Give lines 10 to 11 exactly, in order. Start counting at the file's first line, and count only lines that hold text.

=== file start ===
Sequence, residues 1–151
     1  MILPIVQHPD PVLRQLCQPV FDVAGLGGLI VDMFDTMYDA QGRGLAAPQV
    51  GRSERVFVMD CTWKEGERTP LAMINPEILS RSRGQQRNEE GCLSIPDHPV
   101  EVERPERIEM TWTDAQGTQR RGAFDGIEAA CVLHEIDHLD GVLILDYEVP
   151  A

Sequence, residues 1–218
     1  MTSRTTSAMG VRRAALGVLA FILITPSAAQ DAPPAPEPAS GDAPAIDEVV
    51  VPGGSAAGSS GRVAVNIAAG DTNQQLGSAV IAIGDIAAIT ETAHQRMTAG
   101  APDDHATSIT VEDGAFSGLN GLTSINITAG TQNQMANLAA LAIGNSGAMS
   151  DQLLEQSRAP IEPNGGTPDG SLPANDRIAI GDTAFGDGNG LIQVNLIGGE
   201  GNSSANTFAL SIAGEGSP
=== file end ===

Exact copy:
   151  DQLLEQSRAP IEPNGGTPDG SLPANDRIAI GDTAFGDGNG LIQVNLIGGE
   201  GNSSANTFAL SIAGEGSP